So far, this series of articles have attempted to provide a coherent and studied critique of the newly proposed National Health Insurance scheme (NHI).
The first installment of the series was an attempted to move beyond the reactionary criticism about the two per cent contribution that swallowed up the news cycle. The goal was to focus on some of the big, unanswered questions that policy failed to address.
The plan, in its current form, does not provide enough information to embark on a truly technical assessment. If I’m entirely honest, I’m not a healthcare economist or policy expert, so I wouldn’t have been able to make that assessment anyway.
I’d like to think that I am able to identify when key components of a policy is missing, and the failure to contextualize the policy and give evidence for the policy’s rationale are two examples of this dearth of information.
Whether companies that already provide insurance would be required to pay the “non-exempt” contribution of $21 per employee or how regulations will treat co-payments, deductibles or lifetime/annual maximums also remain unanswered.
The second installment of the series focused on highlighting a troubling pattern that the proposed scheme has adopted.
The successive administrations’ reliance on regressive taxation has found its way into NHI too. And, while proponents of the policy would argue that the 2% wage “contribution” or 50% of the $83 premium required to cover the Standard Health Benefit (SHB) is not a tax, the reality is that wealthy people, once again, will be spared paying their fair share into the scheme.
None of the previous critiques disqualify the policy in its entirety, but they do beg the question, what are the options for plugging the gaps that have been identified and the deficiencies that have been highlighted?
For example, what is the best way to organize employee and employer contributions so that the wealthy pay their fair share and employers don’t mitigate their losses by cutting back on hiring and laying off staff?
In her 2013 article comparing the French and American healthcare systems, Kathryn Moore noted that funding the French system had evolved.
Traditionally, the mandatory health insurance, equivalent to the proposed SHB, was financed almost exclusively by “social contributions” (cotisations socials) imposed on both employers and employees.
As healthcare costs increased so did employee and employer contributions, and by 2016 employers were paying about 13 per cent of an employee’s salary toward healthcare.
To mitigate costs for the employer, exemptions and cost reductions were made available for “low-cost,” unskilled or disabled employees. The French system, however, eventually moved away from relying solely on contributions from wages. The French government implemented a general social contribution (contribution sociale géneralisée or CSG).
The CSG is based on total income, with the rate depending on the source of income. It was intended to be employment-friendly; reduce the burden of employment-based taxes; reinforce social equity by expanding the tax base and raise revenue to reduce the social security deficit.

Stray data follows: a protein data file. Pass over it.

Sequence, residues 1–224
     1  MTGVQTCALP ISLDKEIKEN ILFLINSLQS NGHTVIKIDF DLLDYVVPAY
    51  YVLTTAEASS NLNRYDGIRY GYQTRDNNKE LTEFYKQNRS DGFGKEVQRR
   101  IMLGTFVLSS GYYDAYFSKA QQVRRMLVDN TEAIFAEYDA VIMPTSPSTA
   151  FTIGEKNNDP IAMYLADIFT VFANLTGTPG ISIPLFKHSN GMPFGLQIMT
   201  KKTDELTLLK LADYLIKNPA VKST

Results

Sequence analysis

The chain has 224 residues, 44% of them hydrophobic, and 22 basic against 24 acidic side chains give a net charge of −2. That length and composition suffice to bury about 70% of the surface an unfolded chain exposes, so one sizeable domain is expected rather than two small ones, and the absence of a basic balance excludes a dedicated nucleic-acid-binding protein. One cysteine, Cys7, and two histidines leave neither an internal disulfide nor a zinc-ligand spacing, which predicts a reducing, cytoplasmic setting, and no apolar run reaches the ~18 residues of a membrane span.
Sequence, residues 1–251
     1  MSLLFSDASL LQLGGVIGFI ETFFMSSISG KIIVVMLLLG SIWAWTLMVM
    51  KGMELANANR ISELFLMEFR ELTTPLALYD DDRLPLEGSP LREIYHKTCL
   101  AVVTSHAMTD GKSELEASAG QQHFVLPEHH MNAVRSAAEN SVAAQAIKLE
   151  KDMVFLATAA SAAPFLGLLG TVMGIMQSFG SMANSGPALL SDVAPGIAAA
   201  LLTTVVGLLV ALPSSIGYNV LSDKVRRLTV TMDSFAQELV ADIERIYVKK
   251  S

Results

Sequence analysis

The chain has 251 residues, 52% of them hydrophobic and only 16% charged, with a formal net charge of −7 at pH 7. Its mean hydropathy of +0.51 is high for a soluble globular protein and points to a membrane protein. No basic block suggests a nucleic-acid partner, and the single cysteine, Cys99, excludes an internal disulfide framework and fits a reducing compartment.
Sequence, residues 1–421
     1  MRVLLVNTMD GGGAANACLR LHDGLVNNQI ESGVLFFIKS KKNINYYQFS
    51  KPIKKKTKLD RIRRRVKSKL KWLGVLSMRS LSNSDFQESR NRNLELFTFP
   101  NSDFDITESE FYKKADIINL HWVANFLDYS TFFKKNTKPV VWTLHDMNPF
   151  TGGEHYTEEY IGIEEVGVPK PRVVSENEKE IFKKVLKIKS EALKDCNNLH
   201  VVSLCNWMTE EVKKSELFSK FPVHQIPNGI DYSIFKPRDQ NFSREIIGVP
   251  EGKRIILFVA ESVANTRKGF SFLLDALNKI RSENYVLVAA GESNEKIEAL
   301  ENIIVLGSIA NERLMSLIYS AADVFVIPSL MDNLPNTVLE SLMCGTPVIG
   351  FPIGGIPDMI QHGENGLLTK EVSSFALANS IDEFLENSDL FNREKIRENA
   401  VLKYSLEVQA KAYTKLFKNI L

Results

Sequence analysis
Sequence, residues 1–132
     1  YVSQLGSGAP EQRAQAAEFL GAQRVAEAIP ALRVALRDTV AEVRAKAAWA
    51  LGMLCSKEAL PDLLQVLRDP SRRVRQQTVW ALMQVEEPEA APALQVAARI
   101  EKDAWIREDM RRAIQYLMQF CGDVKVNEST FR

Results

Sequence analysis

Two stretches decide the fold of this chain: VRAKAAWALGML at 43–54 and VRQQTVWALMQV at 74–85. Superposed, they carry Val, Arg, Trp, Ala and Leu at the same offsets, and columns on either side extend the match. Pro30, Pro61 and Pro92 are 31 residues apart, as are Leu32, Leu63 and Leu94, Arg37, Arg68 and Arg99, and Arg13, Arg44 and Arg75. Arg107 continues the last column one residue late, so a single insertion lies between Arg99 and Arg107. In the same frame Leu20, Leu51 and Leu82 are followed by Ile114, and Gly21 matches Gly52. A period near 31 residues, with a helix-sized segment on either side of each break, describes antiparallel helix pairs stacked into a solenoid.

In her 2013 article, the CSG rate was generally 7.5 per cent on earned income, 8.2 per cent on capital, 9.5 per cent on gambling winnings, 6.6 per cent on pensions, and 6.2 per cent on benefits. In this scheme, not only wages or earned income are taxed—the tax base is much wider and for the extremely wealthy among us who may not earn a wage including capital gains and income from investments, for example, could mean a huge difference for government revenues.
One comment on the second article in this series argued that the two per cent contribution with a cap at 50 per cent of the total of the premium might be regressive, but a flat tax would be idealistic and counter to our national culture which has previously eschewed any talk of income tax.
This is an important point, but what may be even more idealistic is the belief that we can go on for much longer without any income-based taxation.
Catherine Kelly makes this point in her article, “The good, the bad and the ugly of WTO membership.” Beyond the other challenges the government must face in the attempt to raise more revenue, accession to the WTO will mean the drying up of government tax revenue from customs duties, which was the primary source of tax revenue before the implementation of value-added tax (VAT).
Kelly asserts that it is for this very same reason that the International Monetary Fund has recommended the implementation of an income tax.
The French example may not be perfect for us here in The Bahamas but balancing the core objectives of the CSG—employment-friendly contributions, reducing the tax burden overall, reinforcing social equity and raising revenue—is perhaps where we should start.
When I began this series of articles, I argued this administration, like administrations before it, has become all too comfortable claiming that their answers to the challenges we face are the only answers.
Unfortunately, despite criticisms of the scheme’s current architecture, neither opposition nor civil society has proffered any viable solutions during the consultation phase.
If we are to have a truly comprehensive national discourse about a policy that proposes to change radically, not just the healthcare system, but our economy—deeper, more substantive engagement with the is vital.